Патент USA US2113378код для вставки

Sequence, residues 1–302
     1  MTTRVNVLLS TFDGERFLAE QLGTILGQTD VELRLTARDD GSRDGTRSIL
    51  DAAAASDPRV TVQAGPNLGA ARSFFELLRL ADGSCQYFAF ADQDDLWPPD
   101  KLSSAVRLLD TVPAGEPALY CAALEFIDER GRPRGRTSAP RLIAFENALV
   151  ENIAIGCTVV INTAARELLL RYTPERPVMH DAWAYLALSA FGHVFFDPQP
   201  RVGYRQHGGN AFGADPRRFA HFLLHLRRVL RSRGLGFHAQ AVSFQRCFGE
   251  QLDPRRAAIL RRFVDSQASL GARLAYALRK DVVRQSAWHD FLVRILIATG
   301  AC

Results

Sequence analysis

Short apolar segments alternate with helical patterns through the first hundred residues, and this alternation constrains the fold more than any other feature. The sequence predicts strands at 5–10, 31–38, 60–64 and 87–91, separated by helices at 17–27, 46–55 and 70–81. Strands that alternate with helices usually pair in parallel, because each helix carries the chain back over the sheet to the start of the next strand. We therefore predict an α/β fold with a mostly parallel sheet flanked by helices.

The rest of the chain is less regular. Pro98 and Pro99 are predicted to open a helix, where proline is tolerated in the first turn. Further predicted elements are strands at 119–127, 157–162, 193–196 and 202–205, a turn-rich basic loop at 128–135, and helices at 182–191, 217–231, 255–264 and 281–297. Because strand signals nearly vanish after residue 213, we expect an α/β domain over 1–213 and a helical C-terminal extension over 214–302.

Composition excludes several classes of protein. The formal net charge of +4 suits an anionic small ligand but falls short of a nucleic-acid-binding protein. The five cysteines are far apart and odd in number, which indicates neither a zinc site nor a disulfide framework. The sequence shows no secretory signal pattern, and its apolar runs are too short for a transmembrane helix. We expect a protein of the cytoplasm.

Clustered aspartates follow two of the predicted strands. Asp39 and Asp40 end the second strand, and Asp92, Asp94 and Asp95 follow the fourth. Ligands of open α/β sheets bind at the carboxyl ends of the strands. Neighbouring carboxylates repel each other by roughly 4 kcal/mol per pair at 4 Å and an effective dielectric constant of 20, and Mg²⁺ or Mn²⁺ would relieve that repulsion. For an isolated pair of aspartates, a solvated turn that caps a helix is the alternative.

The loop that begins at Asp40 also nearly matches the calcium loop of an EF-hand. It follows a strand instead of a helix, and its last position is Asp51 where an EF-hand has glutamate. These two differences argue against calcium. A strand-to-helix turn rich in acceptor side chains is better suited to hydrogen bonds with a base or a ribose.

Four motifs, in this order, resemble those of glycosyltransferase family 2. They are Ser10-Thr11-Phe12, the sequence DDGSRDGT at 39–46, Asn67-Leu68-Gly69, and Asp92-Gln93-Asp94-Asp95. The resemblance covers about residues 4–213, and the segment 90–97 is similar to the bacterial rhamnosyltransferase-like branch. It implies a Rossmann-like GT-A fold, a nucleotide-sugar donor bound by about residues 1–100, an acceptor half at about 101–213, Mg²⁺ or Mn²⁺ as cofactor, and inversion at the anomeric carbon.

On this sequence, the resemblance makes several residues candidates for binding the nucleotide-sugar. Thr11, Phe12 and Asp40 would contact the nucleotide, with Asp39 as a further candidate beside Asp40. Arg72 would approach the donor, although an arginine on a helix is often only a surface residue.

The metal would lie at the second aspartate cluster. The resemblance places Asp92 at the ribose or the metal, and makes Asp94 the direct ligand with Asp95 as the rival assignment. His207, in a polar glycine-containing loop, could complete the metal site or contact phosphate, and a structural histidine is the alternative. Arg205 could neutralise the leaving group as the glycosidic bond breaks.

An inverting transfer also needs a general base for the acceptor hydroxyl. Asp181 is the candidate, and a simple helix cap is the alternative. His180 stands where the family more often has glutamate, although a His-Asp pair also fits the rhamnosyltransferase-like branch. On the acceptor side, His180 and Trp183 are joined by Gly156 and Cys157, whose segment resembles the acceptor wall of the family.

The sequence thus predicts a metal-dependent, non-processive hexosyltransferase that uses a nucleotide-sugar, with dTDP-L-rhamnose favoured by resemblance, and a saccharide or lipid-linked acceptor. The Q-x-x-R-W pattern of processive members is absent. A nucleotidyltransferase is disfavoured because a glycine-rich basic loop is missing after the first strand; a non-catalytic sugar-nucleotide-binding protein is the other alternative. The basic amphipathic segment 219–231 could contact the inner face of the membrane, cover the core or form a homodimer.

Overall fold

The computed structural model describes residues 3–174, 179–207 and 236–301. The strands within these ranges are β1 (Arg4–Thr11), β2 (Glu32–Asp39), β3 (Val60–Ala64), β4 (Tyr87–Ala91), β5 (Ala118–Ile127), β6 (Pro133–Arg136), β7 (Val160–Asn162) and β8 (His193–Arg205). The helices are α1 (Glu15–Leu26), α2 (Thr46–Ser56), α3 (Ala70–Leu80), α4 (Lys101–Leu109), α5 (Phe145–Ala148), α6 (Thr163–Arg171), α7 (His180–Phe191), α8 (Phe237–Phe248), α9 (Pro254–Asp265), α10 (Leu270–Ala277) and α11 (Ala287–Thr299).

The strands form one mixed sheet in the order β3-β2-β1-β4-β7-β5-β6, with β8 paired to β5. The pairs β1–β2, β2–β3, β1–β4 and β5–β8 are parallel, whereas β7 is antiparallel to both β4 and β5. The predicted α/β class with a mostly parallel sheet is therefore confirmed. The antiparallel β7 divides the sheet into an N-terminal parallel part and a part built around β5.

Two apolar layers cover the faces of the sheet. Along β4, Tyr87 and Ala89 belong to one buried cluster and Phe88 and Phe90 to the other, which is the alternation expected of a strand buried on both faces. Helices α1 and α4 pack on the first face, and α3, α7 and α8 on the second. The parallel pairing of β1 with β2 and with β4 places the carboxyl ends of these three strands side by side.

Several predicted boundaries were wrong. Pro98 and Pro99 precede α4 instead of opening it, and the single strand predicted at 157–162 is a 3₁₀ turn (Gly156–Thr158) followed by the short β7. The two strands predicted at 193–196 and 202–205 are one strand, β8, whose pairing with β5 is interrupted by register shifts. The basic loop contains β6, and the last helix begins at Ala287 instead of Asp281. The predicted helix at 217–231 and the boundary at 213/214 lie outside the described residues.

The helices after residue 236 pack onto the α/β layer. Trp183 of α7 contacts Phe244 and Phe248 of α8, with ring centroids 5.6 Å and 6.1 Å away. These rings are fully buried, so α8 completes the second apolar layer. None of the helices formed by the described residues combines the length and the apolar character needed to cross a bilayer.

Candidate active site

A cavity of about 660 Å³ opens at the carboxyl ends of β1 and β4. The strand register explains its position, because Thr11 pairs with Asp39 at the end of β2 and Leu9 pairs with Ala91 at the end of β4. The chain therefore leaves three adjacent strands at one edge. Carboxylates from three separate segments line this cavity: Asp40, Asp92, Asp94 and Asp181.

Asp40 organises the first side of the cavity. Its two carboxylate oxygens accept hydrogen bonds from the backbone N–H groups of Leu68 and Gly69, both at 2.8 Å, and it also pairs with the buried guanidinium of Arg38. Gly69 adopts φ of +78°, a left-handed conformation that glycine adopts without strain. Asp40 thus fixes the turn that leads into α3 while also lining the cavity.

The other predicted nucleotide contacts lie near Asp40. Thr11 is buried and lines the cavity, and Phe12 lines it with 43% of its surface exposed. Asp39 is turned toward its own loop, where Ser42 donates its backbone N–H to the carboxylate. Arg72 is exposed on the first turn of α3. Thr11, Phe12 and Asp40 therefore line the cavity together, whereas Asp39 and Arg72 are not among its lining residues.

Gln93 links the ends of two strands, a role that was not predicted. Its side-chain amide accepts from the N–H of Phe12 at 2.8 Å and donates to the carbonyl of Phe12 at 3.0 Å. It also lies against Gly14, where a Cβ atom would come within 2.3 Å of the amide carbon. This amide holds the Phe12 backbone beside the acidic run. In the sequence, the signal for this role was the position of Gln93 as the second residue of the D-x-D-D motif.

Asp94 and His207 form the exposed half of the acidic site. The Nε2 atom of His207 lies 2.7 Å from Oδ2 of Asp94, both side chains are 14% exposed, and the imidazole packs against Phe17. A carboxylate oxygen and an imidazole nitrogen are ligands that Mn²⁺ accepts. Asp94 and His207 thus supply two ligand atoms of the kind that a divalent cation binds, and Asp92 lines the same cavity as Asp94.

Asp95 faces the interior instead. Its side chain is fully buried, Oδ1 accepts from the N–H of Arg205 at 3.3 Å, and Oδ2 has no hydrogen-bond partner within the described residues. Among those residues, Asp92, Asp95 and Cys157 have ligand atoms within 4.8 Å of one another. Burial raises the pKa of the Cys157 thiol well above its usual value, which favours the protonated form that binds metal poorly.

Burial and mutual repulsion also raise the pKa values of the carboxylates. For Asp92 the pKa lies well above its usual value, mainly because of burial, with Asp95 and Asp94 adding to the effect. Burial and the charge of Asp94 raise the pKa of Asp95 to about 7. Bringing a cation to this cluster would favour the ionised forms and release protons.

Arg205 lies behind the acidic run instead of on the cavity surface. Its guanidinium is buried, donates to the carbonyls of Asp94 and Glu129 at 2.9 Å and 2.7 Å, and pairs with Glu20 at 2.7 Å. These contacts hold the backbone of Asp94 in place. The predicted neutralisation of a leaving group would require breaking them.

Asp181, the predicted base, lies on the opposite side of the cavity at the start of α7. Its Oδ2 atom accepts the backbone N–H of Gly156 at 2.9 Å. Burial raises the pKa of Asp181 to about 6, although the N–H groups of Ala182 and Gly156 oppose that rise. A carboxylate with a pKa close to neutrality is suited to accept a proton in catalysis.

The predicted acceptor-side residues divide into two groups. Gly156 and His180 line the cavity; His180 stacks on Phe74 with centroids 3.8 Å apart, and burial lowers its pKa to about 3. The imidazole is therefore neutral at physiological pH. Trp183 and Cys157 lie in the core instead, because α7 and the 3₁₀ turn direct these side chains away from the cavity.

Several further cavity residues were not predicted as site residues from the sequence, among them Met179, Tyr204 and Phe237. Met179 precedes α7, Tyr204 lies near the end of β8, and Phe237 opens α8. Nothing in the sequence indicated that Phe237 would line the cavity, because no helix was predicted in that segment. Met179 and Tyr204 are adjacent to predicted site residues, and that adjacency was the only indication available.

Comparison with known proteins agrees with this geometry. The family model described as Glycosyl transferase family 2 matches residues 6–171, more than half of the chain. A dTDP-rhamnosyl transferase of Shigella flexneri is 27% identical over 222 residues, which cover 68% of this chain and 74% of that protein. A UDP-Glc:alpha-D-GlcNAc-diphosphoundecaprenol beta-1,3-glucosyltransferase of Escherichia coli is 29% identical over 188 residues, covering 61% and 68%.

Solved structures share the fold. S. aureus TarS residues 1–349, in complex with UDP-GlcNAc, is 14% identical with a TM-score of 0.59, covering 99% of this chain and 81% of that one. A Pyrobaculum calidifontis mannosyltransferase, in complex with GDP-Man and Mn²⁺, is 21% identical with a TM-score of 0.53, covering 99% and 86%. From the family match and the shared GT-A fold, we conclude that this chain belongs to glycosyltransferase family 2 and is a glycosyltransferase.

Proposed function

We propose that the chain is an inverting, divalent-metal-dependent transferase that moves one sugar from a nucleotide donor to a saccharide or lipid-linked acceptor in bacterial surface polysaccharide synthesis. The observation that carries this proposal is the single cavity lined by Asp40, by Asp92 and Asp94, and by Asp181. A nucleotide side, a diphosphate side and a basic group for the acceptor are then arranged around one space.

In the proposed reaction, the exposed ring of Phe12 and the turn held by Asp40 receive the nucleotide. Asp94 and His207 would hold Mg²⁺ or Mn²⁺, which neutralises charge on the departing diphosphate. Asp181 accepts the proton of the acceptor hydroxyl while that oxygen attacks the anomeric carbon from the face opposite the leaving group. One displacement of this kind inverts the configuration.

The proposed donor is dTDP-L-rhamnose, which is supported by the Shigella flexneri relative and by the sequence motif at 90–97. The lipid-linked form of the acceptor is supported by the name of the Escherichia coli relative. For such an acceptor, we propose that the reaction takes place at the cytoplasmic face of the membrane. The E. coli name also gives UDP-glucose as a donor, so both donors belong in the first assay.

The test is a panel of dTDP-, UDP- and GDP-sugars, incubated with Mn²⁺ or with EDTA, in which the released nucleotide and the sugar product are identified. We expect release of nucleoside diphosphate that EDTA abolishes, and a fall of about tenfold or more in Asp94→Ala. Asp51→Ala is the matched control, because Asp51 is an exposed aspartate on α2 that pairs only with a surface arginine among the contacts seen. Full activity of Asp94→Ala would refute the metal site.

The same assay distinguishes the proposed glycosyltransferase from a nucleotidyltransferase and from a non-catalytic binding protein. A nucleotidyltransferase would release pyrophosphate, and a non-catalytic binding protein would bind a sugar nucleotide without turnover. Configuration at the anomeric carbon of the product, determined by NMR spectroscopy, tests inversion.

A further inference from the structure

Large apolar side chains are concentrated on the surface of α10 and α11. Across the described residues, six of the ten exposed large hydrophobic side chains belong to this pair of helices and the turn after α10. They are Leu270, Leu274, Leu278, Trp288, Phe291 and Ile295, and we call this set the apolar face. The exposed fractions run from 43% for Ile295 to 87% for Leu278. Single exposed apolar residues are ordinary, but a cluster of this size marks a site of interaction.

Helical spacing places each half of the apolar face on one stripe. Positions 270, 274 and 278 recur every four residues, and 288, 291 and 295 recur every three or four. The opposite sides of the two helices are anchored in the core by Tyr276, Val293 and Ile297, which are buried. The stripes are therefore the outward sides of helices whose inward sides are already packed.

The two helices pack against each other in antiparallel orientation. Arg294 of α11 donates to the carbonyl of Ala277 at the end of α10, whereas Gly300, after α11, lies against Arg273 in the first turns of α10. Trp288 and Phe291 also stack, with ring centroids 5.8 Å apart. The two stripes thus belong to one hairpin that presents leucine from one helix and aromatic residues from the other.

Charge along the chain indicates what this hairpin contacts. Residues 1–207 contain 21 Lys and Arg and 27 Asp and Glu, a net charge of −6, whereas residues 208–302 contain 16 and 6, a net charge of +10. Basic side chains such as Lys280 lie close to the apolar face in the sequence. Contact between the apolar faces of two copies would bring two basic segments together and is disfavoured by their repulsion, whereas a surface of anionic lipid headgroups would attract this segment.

April 5, 1938, E. A. MASSA, JR., ET AL ELECTRON MULTIPLIER Filed July 3l, 1955 Mom/Laren so4/uGEcHET. ' 2,113,378 Patented Àpr. È, 1938 2,113,378 UNITED STATES PATENT CFFICE 2,113,378 ELECTRON MULTIPLIER Ernest A. Massa, Jr., Haddon Heights, and Louis Malter, Collingswood, N. J., assignors to Radio Corporation of America, a corporation of Dela Ware Application July 31, 1935, Serial N0. 33,996 4 Claims. (Cl. Z50-27.5) This invention relates to electric discharge de-` vices, particularly electron multipliers, and has special reference to improvements in construc tion of multi-electrode tubes of the type dis closed in copending application Serial No. 4,049 to Louis Malter, iiled January 30, 1935. Dis charge devices of this type are adapted to be` used as amplifiers, oscillators, modulators and frequency doublers. They are especially useful as 10 direct current amplifiers, radio frequency power amplifiers and as self contained, photo-actuated struck in the center by the group or bundle of amplifiers. The novel features characteristic of the inven tion are set forth with particularity in the ap come increasingly more numerous and spread laterally over a greater area of the electrode sur pended claims. The invention itself, however, will be best understood by reference to the ac faces 52-56. After several such steps the output is taken from the collector plate 66a, at the op companying drawing wherein: posite end of the tube. multi-electrode photo-sensitive electron multi plier, one of several disclosed in the above-men tioned Malter application. Fig. 2 is a plan view of the “lower” electrodes of Fig. 1 showing the tendency of the electrons to “spill-over” the edges of the surfaces of the multi 25 plying electrodes, a condition which the present invention is designed to obviate. Fig. 3 is a perspective view of a multi-electrode photo-sensitive electron multiplier showing a unitary electrode and insulating assembly within 3 O the tube, with a portion of the tube envelope and of the external magnet broken away to show the elements more -clearly. Fig. 4 is an enlarged side elevation of a por tion of the electrode assembly of Fig. 3 showing in 35 detail the combined potential distributing and electrode supporting leads. Fig. 5 is an end elevation of Fig. 4. If electrons moving with considerable velocity strike an electrode surface, secondary electrons 40 are emitted. The number depending upon the velocity of impact, the nature of the surface ma terial and the field available to draw the second ary electrons away, there may for instance, be ten times as many secondary electrons as primary 45 ones. If the newly-liberated electrons are ac celerated and thrown against another electrode the number may once more be increased by the same or similar factor, again and again until the 50 are properly adjusted the adjacent plate 52 is primaryV electrons. As indicated in both Figs. 1 and 2 the secondary electrons from the point of impact encounter electrical conditions substan tially identical to those met by the original elec trons. The secondary electrons, however, be Figure l is a diagrammatic representation of a 2O leases primary electrons which are drawn upward by the electrostatic ñeld, provided by the upper or accelerating electrode 6I but are deñected by a constant magnetic field perpendicular to the plane of the paper. When the voltages and Viield gain is, in fact, enormous. While a wide variety of arrangements of elec trodes is possible the general arrangement illus trated in Fig. l and described in detail in the above mentioned pending case has so far proven the most successful. Light entering the device 55 and striking a photo-sensitive electrode 5I re ~ As' previously set forth the gain per stage de pends upon several factors. (l) Upon the material of which the electrodes are made. Farnsworth once said that rhe has gotten an increase of 10 times with a surface of caesium on oxidized nickel. Malter has obtained 8.5 with rubidium on oxidized silver, 7 is a good figure for caesium on oxidized silver. 25 (2) Upon the voltages applied to the accelerat ing and to the multiplying electrodes. v(3) The gain per stage also depends upon the ability to focus or otherwise coni-lne all of the secondary electrons from one electrode to the next succeeding one. This factor is determined to a large extent upon the adjustment of the magnetic ' field; it has been observed, however, that, even with an optimum adjustment of the field, by the time the last plate has been reached the elec 35 trons are so numerous and so spread that many of them fail to strike it and are lost. The present invention contemplates and its construction provides an electron-multiplier de- ' vice wherein, by reason of a novel insulating means, the electrons are conñned within a pre determined path or area circumscribed by the several electrode surfaces. 'I'he invention further resides in the provision of an extremely rigid unitary assemblage of the 45 several electrodes and the path defining insulating means whereby the efficiency of the device gen erally is increased and its manufacture is simpli iied. ` A Another and important feature of the invention 50 is the provision of an electrode assembly, includ ing a translucent accelerating electrode designed, positioned and arranged to ensure optimum _ performance of electron multipliers of the photo sensitive type. 55 2 2,113,878 Referring now to Fig. 3 of the drawing: The improved electrode assembly of the invention may conveniently 'be contained in an elongated evacuated tube T having `a preferably annular or cylindrical stem S around and through which the stem wires 3I-3'I are sealed. It is to the internally projecting terminals of the stem wires that the electrode leads 2I-2'I are respectively joined, as by welding. The stem wires are shown practical with the usual thermionic type pri mary emitter though either may be employed de pending to some extent upon the use to which the tube is to be put. One drawback encountered in the operation of photo-sensitive electron multi pliers is the difficulty in focusing light from the external modulated light source upon the photo sensitive surface. Up to now it has been com mon practice to direct the light rays at an acute as terminating externally in the prongs III-41 Y» angle y towards the tube so that they will not be of a seven plug socket P of conventional design. v I blocked by the accelerating electrode. (See Fig. In the particular embodiment illustrated there 1). In so doing, however, the beam will usually are twelve electrodes; six accelerating or “upper” fall upon the glass at such an angle as to diifuse electrodes and six “lower” electrodes, five ofV it so that the rays will impinge upon the photo 15 which are multiplying electrodes and theother sensitive surface with an intensity less than may (the outermost) the primary electron emitter. 'I'he set of accelerating electrodes, numbered be desired-_inhibiting optimum performance of II-,I6, are arranged in spaced relation in a single plane. The electrodes I-S of the lower set are paired with those of the upper set, i. e., theyare similarly arranged in a second, parallel plane. The upper electrode I6 (nearest the stem S) is the anode or output electrode, it has an ex tension IGa, which may conveniently be of wire cloth, bent downwardly towards but not touching the innermost lower electrode 6. This exten sion IGa to the plate I6 is designed to intercept electrons which, if it were not present, might pass through the open end of theassembly without being utilized. This bi-part electrode I6, I6a. is connected to a single lead wire 2'I. In accordance with the earlier Malter disclo sure and as indicated in Fig. l of theinstant case each of the lower electrodes, with'the ex ception of the primary emitter I may be oper ated at a potential corresponding to that of the next preceding upper electrode. -When so oper ated each electrode lead, with the exception of lead 21 to the anode I6 and vlead `2I to the pri 40 mary emitter I supplies the operating voltages for two electrodes. Thus lead 22A supplies elec trodes 2 and II; lead 23, Velectrodes 3 and I2; lead 24, electrodes 4 and I3; lead 25, electrodes5 and I4; and lead 26, electrodes 6 and I5. As 45 shown in detail in Figs. 4 Vand 5 the connections between electrodes of similar potential and their common lead may conveniently bemade by short terminal rods 2| ’, 22', etc., anchored, as by weld ing to the back or outer surface of each electrode. The electron-confining .and electrode-support ing assembly comprises a pair of outwardly ex tending, oppositely located, parallelly arranged strips A-B of mica or other insulating mate rial. These insulating strips are preferably pre fabricated and suitably oriñced to accommodate the oppositely located bent-over lugs L of the several electrodes. Increased rigidity may be ensured by bending these lugs L over the edges of the insulating strips as indicated in Fig. 5. 60 As clearly shown in Fig. 5, the insulating strips, together with the respective upper and lower sets of electrodes form a conduit for the electrons constituted by a series of box-like containers. The electron conñning effect of this conduit is the device. The above `and other disadvantages inherent in existing photo-tubes are obviated, in accord ance with the present invention, by the provision 20 `of a translucent accelerating electrode I I, Fig. 3. Since this electrode IIis electrically charged, it is preferably made of metal, suitably oriñced as at Ila to permit passage of the light rays. To ensure the desired rigidity and potential distribu tion its foraminous surface is provided with a surrounding frame work I Ibi. With such acon struction the light rays may now obviously be so directed 4as to fall'directly and at a desired angle upon the photo-sensitive primary electron 30 emitter I. ~ In operation a single magnetic field is prefer ably employed for concentrating and directing all of the electron streams to the proper target or multiplying electrodes 2_6, whereby the major 35 portion of each secondary electron stream, is uti lized and the primary electrons are prevented from being drawn past the targets to impinge di rectly upon the output electrode. Any conven ient means kmay _beutilized for establishing a .40 magnetic ñeld parallel tothe electrode surfaces, such for example, as’the _device partially shown in perspective in Fig.` 3. Preferably this device is constituted `by -a U-shape element of mag netically permeable material on which is mount 45 ed an energizing _coil M and to _each upstandìng portion of which Vis affixed a `plate N `also of permeable material. The tube T is -disposed _be tween these plates vin such position that a sub stantially >uniform vmagnetic field is set up paral 50 lel to the opposed surfacesof the sets of elec trodes. Obviously, a permanent _magnet may be substituted for’the electro-magnet shown. or the tube may be disposed within a‘coil `of vwire carry ing an electric current. 55 The single embodiment Aof ,the invention which has been illustrated'ior purposes of explaining the inventive concept is susceptible of various modiñcations which will be apparent to others skilled in ytheçart. ' Y 60 What is claimed ist l. An electron multiplier device comprising `a sealed container, a plurality of separate elec trodes mounted within said container `and spaced 65 due not alone to the mechanical presence of the from the walls thereof, said'electrodes having insulating side strips A-B but may be accounted for in part at least vby the fact that the inner walls become negatively charged during opera tion of the device and, being so charged, serve 70 to exert an electrically repellent or space charge effect upon the electrons, directing them inward ly away from the side walls and towards the center of the electrodes. surfaces adapted to liberate electrons by sec ondary emission, and insulating means for con ñning said electrons within a predetermined path deñned by the boundaries of said surfaces, said insulating means constituting a support for said 70 electrodes. 12. A multi-electrode electron multiplier device comprising an elongated container,- a pair of -in sulating strips fmountedin ,parallel relation on opposite sides of the long axis .of said container, A photo-sensitive surfacepermits of a more 75 compact and small electrode assemblyi _than that 2,113,378 a plurality of sets of electrodes supported by said insulating strips, the electrodes of each set being spaced from each other to form a conduit for electrons from al1 said electrodes, the side Walls of said conduit being constituted by the inner surfaces of said insulating strips and said elec trodes. 3. The invention as set forth in claim 2 and wherein an electron collecting electrode is pro 10 vided, said electrode being supported by said in sulating strips substantially completely closing a terminal of said conduit. 4. A multi-electrode electron multiplier device 3 comprising an elongated container, a pair of in sulating strips mounted in parallel relation on opposite sides of the long axis of said container, a plurality of sets of electrodes supported by said insulating strips, the electrodes of one set being paired with the electrodes of another set, one electrode of one pair being electrically connected yto another electrode of another pair, and a plu rality of current carrying support Wires for said electrode assembly. ERNEST A. MASSA, Jn. LOUIS MALTER.